NFL: Raiders once again look for speed in NFL draft
AP Sports Writer
ALAMEDA, Calif. (AP) – The Oakland Raiders are once again feeling the need for speed.
The Raiders took two of the fastest players available in the NFL draft on Saturday, picking up cornerback Chimdi Chekwa from Ohio State and Eastern Washington running back Taiwan Jones in the fourth round.
They followed that by taking receiver Denarius Moore of Tennessee in the fifth round, giving the Raiders four players who have been clocked in sub-4.4 second 40-yard dashes, including third-round cornerback DeMarcus Van Dyke of Miami.
The Raiders have now taken the fastest player at the combine the past three years with Van Dyke joining receivers Darrius Heyward-Bey and Jacoby Ford as owner Al Davis remains committed to drafting speed.
“As I told you guys before, we don’t run from speed, we run to speed, especially guys that can play,” coach Hue Jackson said.
Chekwa started 38 of his 52 career games for the Buckeyes and was also a member of Ohio State’s Big Ten championship 400-meter relay team in 2009. He had six interceptions and 29 pass breakups and was the 113th overall pick.
Chekwa was clocked at 4.38 seconds in the 40-yard dash, giving the Raiders two new speedy cornerbacks. Oakland was looking for help in the secondary with Pro Bowl cornerback Nnamdi Asomugha likely to depart as a free agent. The Raiders used two third-day picks last year on cornerbacks Walter McFadden and Jeremy Ware, who will be competing with Chris Johnson for a starting spot opposite Stanford Routt this season.
“Cornerback here for the Oakland Raiders will always be a position that we address,” Jackson said. “We love guys who can cover, we love guys who can run, we love guys who are athletes, who can play several different spots back there in the secondary.”
Jones, who grew up in nearby Antioch, was extremely productive in two years at Eastern Washington and helped the Eagles win the FCS championship last season. He ran for 2,955 yards, averaged 7.7 yards per carry and scored 37 touchdowns overall. Jones was reportedly clocked between 4.27 and 4.35 seconds at his pro day.
While running back was not a position of need for the Raiders, the team could not pass up a game-breaker like Jones with the 125th overall pick. He had 21 offensive plays of at least 50 yards in his career, including five plays of at least 80 yards.
“He can make plays,” Jackson said. “The guy can score from anywhere on the field. He can catch it, he can run with it, he can play on special teams. This is another athlete who has unquestioned ability to put the ball in the end zone. And now he’s a Raider. There’s no question why he’s here. We know what he’s capable of doing, and we’re looking forward to him doing that.”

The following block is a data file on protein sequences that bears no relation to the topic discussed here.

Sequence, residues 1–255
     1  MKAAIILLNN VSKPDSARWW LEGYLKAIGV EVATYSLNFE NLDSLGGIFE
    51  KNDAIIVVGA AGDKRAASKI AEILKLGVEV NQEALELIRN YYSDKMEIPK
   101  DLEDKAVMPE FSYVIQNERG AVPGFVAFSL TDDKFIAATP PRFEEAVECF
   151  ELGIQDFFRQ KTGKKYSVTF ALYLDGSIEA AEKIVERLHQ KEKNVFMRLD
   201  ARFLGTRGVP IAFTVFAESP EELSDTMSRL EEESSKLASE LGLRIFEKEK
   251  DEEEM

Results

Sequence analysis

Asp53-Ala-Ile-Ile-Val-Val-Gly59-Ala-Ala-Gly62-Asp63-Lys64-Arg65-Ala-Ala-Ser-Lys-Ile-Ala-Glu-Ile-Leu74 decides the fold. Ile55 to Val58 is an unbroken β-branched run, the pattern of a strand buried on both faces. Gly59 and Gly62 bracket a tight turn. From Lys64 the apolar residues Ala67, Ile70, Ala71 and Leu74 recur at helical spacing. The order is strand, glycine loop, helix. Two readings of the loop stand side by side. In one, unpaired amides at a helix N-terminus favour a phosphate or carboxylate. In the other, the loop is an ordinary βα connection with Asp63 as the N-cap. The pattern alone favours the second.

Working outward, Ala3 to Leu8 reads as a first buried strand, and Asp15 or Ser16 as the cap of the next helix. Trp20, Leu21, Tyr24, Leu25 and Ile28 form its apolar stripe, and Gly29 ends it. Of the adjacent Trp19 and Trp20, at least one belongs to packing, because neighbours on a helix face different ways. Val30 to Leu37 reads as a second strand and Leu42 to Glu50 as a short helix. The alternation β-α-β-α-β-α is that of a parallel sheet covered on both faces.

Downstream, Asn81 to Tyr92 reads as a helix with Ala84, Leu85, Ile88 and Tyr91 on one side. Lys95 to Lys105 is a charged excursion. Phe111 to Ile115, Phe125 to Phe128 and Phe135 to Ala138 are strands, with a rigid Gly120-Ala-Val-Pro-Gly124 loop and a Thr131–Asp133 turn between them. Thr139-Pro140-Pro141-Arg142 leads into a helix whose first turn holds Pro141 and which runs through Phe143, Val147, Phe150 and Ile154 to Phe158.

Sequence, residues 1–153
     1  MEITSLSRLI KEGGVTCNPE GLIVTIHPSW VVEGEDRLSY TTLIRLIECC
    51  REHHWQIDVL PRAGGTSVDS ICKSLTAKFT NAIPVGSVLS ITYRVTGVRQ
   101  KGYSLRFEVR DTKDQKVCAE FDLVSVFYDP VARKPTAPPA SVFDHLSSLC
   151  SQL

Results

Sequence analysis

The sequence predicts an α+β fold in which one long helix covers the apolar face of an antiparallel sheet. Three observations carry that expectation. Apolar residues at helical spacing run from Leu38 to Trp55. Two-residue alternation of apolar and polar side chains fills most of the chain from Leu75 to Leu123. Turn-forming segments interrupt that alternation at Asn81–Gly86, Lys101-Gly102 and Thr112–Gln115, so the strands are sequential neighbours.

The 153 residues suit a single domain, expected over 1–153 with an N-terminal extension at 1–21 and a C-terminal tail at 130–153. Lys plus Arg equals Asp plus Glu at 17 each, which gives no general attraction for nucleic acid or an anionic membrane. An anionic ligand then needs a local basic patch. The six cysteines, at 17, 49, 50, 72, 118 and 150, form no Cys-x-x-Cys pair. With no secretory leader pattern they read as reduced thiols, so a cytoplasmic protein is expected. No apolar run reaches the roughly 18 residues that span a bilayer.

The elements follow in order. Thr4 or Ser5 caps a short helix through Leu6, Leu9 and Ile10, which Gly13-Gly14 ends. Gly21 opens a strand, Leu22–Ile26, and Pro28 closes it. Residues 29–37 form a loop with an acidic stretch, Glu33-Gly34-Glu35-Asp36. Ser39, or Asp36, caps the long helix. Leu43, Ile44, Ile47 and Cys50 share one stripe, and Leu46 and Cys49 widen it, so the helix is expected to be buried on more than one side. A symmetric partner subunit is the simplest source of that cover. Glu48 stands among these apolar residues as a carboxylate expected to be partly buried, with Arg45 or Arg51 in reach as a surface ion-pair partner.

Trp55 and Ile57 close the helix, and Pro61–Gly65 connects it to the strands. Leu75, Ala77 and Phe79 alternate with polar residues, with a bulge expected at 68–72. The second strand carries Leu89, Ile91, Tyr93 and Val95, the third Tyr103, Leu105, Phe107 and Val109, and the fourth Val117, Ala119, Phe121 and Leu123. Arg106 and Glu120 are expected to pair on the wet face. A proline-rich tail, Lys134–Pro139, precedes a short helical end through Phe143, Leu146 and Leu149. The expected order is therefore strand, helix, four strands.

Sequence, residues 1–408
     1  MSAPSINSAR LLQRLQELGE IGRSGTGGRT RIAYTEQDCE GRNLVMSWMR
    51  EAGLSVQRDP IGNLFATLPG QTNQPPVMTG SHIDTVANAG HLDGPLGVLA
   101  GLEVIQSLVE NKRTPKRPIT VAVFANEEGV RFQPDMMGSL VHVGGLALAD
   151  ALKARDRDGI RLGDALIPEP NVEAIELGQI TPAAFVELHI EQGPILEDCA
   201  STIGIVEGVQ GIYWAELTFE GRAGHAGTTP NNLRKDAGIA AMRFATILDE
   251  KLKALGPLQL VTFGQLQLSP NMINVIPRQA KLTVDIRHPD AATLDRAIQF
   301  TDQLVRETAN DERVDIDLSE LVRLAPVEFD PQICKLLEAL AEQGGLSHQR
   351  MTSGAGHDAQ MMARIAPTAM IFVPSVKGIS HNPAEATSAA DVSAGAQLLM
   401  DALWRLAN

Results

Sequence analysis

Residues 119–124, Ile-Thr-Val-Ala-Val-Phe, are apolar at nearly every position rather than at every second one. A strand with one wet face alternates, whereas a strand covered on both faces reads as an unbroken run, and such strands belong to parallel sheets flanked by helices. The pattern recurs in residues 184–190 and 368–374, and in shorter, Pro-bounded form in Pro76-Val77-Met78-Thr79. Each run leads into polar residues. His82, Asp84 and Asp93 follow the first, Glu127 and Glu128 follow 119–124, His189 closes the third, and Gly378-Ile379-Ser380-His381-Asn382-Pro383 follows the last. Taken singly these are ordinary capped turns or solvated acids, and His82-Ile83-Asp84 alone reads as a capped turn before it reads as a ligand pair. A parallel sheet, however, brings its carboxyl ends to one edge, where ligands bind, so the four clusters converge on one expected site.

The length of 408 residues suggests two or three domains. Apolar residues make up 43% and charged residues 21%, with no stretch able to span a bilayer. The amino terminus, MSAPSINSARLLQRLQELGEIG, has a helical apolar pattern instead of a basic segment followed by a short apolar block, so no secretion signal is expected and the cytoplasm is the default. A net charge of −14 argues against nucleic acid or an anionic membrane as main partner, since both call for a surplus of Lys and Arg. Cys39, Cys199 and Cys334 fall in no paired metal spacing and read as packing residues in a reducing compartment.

Jones joins a group that includes Darren McFadden, who had a breakout season last year with 1,157 yards rushing and a 5.2 yard per carry average. Michael Bush added 655 yards and received a first- and third-round tender as a restricted free agent before the NFL lockout started in March.
“I’ve got a lot to offer,” Jones said. “I’ve got a lot of good agility. I’m good with my speed and how they want to use me is up to them. I just know I’ll come in and give them my all.”
The pick for Jones came from New England in a deal made the previous day. The Raiders ended up with Jones and third-round tackle Joseph Barksdale of LSU for a seventh-round pick later Saturday and a second-rounder next season.
Moore had 112 catches for 2,004 yards in 52 games at Tennessee. He had his best year as a senior with 47 catches for 981 yards and nine touchdowns, but 433 yards came in games against Kentucky and South Carolina. Moore has been clocked in the 40-yard dash in 4.39 seconds.
Moore played his junior year at Tennessee for former Raiders coach Lane Kiffin, who was fired by Oakland in 2008 after feuding with Davis.
The Raiders later took blocking tight end Richard Gordon of Miami in the sixth round and receiver David Ausberry of USC, who also played for Kiffin, in the seventh round. Oakland also took center Stefen Wisniewski in the second round.
Oakland did not pick a quarterback despite talking about possibly adding a young arm with starter Jason Campbell under contract for only one more season.
“I think this is a very talented team. I didn’t think we had a ton of holes to fill,” Jackson said. “But there were some things that we needed to get done, and we were able to get those things done.”
The Raiders brought Jones and their three picks from Friday to the facility on Saturday to meet the coaching staff and get a tour. Once the draft is over, the players will not be allowed back until the league’s lockout is lifted.
That apparently will prevent Wisniewski from talking to his uncle, Steve, who is the Raiders assistant offensive line coach.
“I don’t think the NFL recognizes family loopholes,” Wisniewski said. “He’s my coach and he also happens to be my uncle, but I’m not going to be able to talk to him.”